The Coexistence of Stillness and Motion
There is a role for inner stillness in times of outer motions.
Posted Sep 19, 2018
Over the past two years, I have often felt like an actress in a low-budget sci-fi movie. My role is an ordinary human in a not-so-ordinary situation. In a 1940’s version of a spacesuit, I cling to a mega-size asteroid as it careens toward Earth. The asteroid sheds pieces of itself as it deflects cosmic forces and angrily persists on its path of global destruction. My task is to shift my relatively miniscule weight to make the asteroid veer toward empty space. Though desperate to astro-tweet a warning, I can’t remember the password for my communicator.
In this movie, nothing makes common sense. Because there isn’t even the first draft of a script, I must adapt my actions to unpredictable turbulence. The relentless motion erratically alters my e-motions. It is exhausting to maintain balance. No wonder I shout into my space helmet: What on Earth is happening!
What happened on Earth is that the real me made a decision. I decided to explore stillness as an antidote for a plethora of motions—hurricanes, earthquakes, mass shootings, mass migrations, political turmoil and such. I chose to leave my fake role in outer space and experience my own authentic inner space.
This morning I meditated outside in the predawn light. As I calmed myself with steady breathing and focused awareness in my heart, a question arose naturally: Can I sustain an inner state of stillness as I walk? Restated paradoxically, could I move and be still simultaneously?
As I remained in my heart for an answer, I envisioned an expansive empty space appearing before me. Like a gargantuan bubble inside an ocean, it seemed to have invisible edges somewhere, perhaps to ward off intrusions. My awareness was in the space, but I saw no forms. The space was filled only with an extraordinary stillness. I felt as a participant within it, yet there was nothing to do, only to be. I simply observed.
At first, my observations yielded nothing but a subtle anticipation of something awaiting birth. A mystery was longing to arise within that space, to be created into form. There was no fear of anything monstrous. What finally appeared was more of an urge than any specific object.
In recent times, I have experienced bouts of inner conflict due to current national and global events. There seems to be such intense motions pulling my attention in random, nonsensical directions. I have sought ways to keep a relaxed, nonjudgmental perspective, but it has been very difficult to watch what I deeply value be challenged. I have an urgent drive to discover what I can personally contribute toward clarity and cooperation in these times. In the stillness of my meditation, the urge in that moment was to walk. I did so in my cherished natural surroundings.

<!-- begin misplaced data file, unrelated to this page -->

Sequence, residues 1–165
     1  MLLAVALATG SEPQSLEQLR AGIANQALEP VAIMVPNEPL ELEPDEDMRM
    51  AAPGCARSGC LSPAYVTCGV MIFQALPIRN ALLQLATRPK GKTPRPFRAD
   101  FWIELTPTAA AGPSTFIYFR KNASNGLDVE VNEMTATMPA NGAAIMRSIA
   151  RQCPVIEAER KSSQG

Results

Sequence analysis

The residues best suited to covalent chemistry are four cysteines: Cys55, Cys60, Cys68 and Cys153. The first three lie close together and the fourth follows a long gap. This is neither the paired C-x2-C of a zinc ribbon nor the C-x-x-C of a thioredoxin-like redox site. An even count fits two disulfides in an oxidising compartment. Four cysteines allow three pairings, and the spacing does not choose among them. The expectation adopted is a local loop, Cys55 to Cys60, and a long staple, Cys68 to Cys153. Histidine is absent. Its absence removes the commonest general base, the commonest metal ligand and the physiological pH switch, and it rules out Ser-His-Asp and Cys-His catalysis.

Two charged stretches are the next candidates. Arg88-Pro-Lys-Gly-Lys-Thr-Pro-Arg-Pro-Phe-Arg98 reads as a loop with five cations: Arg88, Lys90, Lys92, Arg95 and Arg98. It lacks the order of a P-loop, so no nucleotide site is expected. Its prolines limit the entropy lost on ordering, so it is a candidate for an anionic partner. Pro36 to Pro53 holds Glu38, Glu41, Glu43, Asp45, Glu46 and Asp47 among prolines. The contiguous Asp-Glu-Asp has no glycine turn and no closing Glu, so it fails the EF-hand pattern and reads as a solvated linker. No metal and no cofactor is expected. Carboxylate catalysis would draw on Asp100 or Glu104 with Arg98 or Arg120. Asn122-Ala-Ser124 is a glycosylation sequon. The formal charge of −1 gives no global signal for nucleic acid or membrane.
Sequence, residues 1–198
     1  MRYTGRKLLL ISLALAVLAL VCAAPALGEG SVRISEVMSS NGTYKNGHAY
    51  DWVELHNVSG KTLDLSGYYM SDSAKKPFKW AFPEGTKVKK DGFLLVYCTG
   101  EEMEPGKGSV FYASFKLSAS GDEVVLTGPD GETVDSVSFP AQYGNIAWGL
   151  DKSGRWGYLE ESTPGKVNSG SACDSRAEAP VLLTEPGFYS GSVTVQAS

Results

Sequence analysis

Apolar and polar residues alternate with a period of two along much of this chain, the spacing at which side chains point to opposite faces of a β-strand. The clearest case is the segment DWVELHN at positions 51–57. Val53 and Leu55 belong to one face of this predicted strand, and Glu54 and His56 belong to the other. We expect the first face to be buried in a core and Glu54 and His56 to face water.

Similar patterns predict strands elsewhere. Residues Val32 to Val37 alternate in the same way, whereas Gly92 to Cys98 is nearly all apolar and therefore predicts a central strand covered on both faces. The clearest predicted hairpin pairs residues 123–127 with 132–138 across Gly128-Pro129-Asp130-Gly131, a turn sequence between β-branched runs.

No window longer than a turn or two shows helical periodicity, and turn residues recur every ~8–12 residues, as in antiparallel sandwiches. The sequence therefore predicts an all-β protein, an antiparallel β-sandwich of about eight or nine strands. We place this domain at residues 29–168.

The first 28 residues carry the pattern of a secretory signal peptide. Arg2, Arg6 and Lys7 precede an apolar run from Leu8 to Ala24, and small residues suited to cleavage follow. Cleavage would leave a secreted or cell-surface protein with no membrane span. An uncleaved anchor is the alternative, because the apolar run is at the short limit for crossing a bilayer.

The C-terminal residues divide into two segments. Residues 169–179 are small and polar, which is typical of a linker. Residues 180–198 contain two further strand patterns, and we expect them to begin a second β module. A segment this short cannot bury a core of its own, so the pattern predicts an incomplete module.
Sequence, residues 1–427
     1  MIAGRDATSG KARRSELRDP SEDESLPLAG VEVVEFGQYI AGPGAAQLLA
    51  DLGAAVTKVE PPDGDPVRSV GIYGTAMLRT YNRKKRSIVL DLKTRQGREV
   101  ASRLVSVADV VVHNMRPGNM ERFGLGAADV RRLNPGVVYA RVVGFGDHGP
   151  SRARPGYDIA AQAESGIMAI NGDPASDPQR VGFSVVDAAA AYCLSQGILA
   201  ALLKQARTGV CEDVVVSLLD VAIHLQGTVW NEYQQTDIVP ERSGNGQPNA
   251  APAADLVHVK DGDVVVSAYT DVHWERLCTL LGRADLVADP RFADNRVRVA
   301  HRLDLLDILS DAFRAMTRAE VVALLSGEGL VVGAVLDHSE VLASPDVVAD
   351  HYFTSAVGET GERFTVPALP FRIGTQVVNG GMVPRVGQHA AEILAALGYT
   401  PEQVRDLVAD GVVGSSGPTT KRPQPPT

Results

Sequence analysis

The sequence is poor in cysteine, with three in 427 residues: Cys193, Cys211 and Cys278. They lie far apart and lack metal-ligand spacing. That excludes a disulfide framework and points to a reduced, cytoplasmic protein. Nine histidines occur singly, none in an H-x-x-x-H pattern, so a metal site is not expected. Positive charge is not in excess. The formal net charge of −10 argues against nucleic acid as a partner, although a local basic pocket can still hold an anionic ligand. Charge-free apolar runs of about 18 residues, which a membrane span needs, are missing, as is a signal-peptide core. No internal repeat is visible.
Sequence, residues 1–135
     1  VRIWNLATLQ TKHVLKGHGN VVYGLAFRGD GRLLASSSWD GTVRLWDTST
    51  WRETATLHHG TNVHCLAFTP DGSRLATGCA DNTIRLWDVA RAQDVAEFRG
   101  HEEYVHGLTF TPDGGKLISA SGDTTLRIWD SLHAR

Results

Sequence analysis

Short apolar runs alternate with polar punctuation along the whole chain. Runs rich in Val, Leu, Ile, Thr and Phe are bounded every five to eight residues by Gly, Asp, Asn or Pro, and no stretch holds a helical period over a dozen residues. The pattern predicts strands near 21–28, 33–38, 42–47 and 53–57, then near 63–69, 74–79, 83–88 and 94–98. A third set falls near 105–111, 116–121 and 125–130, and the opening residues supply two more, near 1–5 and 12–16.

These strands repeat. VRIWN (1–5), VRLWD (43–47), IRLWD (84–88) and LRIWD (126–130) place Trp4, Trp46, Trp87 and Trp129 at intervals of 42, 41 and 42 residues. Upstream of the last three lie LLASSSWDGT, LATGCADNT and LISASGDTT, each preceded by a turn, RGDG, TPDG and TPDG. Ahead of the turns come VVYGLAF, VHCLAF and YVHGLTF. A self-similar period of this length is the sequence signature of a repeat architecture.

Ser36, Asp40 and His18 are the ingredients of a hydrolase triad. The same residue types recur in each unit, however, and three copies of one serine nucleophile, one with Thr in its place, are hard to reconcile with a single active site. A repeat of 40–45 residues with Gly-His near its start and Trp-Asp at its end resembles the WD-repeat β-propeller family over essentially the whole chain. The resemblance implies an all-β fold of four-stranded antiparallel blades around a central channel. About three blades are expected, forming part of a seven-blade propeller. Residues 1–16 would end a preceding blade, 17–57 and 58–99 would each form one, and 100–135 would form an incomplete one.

I walked with the sense of stillness of empty space before my open eyes. As I moved, the space filled and emptied with the real forms of trees, rocks, birds, my dog, dry grass, hillsides, and sky. Although I had seen them for years, it was as if they were brand new, wondrous, and sources of profound meaning. Occasionally I stopped to allow the experience to flow from scene to scene. I watched a hummingbird fly from flower to flower as it drank. I was unusually aware of the motion of patches of clouds and the subtle movements of individual leaves in the tender breeze. I was able to be both still and walk, to be both still and observe motion. Stillness and motion coexisted with clarity in that harmonious space.
I have shredded the asteroid script. I want to contribute to a new script for the story of Earth, an evolving script that arises from insights learned from states of inner stillness even in the presence of troubling motions. It will take practice and commitment, but I believe in the possibility that stillness can teach me ways of becoming a better human. In inner stillness I believe I can better identify a shared set of core values, better expand my open-mindedness and open-heartedness, better listen without prejudice but with discernment, and more. If I can do this within my individual self, maybe more of my interactions will move myself and others away from divisive actions. If I can grow in compassion and wisdom, maybe my humble presence will have a positive influence on our inclusive collective space.
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May we humans leave our spacesuits, come back to Earth, and discover our hearts’ shared space.